Who will be PCC of the Year? How about PCC of the Year Level 24 and Below? And then there are PCC honors for mentor, industry member, USPS member and district manager, as well as bronze, silver and gold recognition for excellence in communication, education and leadership. The nominees are up to you. The best of the best in the PCC community will be announced on National PCC Day Sept. 16.

Mail or e-mail your nominations. The deadline is July 15. Guidelines, award criteria and nomination forms can be found under "Leadership Programs and Best Practices" at the National PCC website at usps.com/pcc.

Don’t delay — send your nominations today. We look forward to recognizing your PCC on National PCC Day.


Management Insights is now available on the National PCC website at usps.com/nationalpcc/resources.htm. This monthly newsletter, which is e-mailed to PCC co-chairs and administrators, provides information on Publication 286, Postal Customer Council Program Policies and Rules.

Did You Know? Parcel Post, created in 1913, gave mail-order shopping its first big boost.



  • The Call for Papers for the 2010 National Postal Forum opens on June 19. Check out www.npf.org for more information.
  • National PCC Day is scheduled for Sept. 16 in New York City.



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Everyone can relate to increased responsibilities and limited resources in the workplace, says Northern Virginia Metro PCC member Betty Williams.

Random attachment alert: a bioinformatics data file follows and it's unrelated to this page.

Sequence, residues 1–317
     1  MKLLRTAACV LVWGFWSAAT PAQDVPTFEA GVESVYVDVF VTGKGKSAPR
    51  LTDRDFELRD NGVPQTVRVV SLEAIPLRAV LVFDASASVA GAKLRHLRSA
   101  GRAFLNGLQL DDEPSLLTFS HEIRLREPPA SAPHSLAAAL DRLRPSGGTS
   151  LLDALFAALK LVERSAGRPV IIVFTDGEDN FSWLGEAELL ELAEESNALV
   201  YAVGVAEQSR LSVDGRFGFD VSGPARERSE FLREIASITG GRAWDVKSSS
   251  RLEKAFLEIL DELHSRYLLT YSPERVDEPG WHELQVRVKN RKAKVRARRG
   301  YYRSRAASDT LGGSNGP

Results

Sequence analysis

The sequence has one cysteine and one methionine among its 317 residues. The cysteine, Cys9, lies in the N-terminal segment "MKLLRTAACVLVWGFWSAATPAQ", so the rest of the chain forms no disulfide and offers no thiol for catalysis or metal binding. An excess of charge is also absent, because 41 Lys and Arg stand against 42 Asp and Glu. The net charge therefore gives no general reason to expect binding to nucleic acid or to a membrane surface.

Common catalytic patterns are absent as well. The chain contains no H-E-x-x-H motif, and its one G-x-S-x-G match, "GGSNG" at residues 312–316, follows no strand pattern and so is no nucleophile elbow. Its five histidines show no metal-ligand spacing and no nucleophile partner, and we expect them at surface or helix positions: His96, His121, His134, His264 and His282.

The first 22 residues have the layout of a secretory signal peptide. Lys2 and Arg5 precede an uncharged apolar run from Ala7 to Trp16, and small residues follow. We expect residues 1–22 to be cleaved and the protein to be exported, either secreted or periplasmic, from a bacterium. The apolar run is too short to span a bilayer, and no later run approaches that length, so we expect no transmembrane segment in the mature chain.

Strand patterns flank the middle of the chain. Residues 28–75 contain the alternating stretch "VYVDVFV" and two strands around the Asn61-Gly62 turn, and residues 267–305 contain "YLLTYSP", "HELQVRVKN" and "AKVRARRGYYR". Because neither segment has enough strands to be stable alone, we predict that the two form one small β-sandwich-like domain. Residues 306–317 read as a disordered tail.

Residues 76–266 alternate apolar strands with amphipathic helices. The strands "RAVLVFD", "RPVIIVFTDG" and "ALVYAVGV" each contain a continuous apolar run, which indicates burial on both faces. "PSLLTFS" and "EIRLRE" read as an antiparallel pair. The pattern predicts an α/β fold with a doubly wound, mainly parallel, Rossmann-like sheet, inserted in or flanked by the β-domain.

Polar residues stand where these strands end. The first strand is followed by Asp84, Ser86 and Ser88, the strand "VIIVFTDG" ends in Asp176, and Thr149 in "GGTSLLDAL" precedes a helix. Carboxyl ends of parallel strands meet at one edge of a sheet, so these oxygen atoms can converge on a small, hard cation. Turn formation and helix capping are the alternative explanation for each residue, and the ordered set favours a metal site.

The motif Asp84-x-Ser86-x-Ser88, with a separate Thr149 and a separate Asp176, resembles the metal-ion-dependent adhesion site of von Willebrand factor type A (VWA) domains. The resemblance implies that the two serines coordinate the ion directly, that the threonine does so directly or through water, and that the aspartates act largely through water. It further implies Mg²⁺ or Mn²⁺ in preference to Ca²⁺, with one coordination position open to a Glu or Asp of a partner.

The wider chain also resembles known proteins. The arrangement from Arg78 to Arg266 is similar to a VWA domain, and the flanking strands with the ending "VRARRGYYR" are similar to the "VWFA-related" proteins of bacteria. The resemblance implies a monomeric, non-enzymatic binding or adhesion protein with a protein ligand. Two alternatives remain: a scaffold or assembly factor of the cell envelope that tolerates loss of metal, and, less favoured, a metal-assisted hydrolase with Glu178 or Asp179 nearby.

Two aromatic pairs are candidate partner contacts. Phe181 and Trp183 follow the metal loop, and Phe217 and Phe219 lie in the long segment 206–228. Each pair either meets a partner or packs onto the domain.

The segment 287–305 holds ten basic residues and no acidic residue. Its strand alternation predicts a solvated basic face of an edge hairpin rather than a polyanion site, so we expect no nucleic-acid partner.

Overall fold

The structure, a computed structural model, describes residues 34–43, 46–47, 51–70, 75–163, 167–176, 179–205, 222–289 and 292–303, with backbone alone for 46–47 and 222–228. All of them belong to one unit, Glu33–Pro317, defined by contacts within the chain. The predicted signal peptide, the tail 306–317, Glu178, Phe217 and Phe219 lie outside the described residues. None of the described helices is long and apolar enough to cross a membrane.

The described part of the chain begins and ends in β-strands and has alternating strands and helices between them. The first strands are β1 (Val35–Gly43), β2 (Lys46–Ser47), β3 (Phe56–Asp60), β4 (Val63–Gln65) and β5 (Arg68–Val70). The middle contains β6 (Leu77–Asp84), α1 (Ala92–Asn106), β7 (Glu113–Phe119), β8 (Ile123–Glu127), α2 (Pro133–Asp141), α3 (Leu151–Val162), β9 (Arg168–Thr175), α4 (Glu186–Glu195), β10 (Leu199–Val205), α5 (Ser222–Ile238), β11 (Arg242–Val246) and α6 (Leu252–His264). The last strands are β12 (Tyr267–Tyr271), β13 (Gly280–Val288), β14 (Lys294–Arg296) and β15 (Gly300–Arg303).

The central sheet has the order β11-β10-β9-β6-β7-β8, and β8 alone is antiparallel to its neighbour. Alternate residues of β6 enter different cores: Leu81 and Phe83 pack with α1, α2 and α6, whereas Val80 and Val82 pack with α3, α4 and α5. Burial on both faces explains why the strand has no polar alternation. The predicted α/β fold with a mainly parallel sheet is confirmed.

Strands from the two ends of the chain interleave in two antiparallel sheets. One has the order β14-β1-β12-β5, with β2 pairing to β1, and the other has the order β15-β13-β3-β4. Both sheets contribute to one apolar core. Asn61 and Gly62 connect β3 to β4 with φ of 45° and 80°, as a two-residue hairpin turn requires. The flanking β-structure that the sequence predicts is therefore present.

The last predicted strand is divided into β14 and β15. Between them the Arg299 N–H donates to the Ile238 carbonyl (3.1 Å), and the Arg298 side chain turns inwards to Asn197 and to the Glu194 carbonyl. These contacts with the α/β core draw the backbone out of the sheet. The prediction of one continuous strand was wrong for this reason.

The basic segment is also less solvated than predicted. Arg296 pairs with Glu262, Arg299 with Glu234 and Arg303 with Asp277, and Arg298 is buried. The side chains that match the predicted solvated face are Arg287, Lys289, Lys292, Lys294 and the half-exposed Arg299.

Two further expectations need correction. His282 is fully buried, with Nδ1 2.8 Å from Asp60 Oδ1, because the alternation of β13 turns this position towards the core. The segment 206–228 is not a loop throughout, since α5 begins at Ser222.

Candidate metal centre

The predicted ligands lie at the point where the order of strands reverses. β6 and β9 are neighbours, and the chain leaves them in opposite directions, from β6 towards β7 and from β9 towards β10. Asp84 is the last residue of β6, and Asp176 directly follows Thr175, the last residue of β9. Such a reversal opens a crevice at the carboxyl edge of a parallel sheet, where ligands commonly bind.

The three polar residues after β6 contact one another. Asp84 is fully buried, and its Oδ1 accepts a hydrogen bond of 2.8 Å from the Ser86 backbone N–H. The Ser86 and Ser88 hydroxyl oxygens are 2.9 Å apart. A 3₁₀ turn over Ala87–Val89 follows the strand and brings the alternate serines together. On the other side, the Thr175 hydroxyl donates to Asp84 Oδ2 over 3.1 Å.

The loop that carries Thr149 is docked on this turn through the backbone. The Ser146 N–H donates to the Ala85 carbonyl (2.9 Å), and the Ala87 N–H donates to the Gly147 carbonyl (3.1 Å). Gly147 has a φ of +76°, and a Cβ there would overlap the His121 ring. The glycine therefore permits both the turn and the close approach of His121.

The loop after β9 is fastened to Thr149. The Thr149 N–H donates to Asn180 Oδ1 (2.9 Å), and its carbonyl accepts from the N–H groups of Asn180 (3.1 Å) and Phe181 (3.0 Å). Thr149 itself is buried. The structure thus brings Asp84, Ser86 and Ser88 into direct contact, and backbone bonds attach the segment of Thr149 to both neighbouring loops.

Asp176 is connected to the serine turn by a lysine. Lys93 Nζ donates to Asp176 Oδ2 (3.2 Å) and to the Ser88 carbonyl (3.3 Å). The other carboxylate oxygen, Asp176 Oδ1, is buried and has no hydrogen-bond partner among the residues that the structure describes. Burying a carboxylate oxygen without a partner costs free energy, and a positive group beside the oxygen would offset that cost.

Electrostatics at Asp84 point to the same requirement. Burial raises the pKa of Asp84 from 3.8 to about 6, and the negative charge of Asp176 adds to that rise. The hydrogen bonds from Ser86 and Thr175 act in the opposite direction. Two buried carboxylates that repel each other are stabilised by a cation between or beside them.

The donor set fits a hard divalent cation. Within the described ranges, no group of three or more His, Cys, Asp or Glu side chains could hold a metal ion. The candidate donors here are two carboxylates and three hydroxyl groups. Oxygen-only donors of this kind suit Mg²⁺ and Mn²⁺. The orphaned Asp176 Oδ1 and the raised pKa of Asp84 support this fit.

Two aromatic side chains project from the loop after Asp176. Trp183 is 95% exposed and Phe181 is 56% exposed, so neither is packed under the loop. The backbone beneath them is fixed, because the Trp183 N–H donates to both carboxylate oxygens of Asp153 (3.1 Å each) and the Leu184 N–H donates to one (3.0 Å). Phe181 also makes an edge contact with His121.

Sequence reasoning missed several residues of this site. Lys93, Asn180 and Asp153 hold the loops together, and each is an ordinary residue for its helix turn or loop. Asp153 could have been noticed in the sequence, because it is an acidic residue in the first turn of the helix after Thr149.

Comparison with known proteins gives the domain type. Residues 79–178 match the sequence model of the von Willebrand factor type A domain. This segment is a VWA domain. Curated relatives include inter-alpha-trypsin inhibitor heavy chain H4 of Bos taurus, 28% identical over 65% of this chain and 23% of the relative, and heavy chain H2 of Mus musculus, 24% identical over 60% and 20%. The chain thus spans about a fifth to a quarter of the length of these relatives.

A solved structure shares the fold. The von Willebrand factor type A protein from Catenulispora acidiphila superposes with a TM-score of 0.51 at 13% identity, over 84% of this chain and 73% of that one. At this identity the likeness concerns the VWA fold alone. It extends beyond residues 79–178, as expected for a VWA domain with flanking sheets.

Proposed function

“Keeping up with mailing developments and requirements with limited resources can be very difficult,” she says. “But postal representatives and PCCs offer valuable resources, especially at times when you need assistance the most.”

Williams is Director of Operations at Didlake, a not-for-profit organization in Manassas, VA, that provides jobs and other services for people with disabilities. Her introduction to the PCC network came when a customer brought in a mailing of 180,000 pieces with a four-day turnaround. The design of the mailpiece had changed and “I knew I had a problem,” she said. Not sure where to turn, Williams called her local business mail entry unit and talked with a postal representative who set up an appointment with a mailpiece design analyst that same day.

“With all of the assistance I received I was able to meet my customer deadlines and the postal requirements,” she says. “That one contact opened up a whole world of contacts to other postal representatives with USPS product and service knowledge.” And she was introduced to the value of belonging to a PCC.

“My membership and participating in the PCC provided an enhanced partnership. I attended quality meetings and events, learned about new postal technology being developed and implemented, and learned about ways to help save customers money. And that’s the bottom line,” she says.

Williams believes in the PCC so much that she served time as postal co-chair. “Most importantly, I believe the PCC brought together those who share a mutual desire for success.”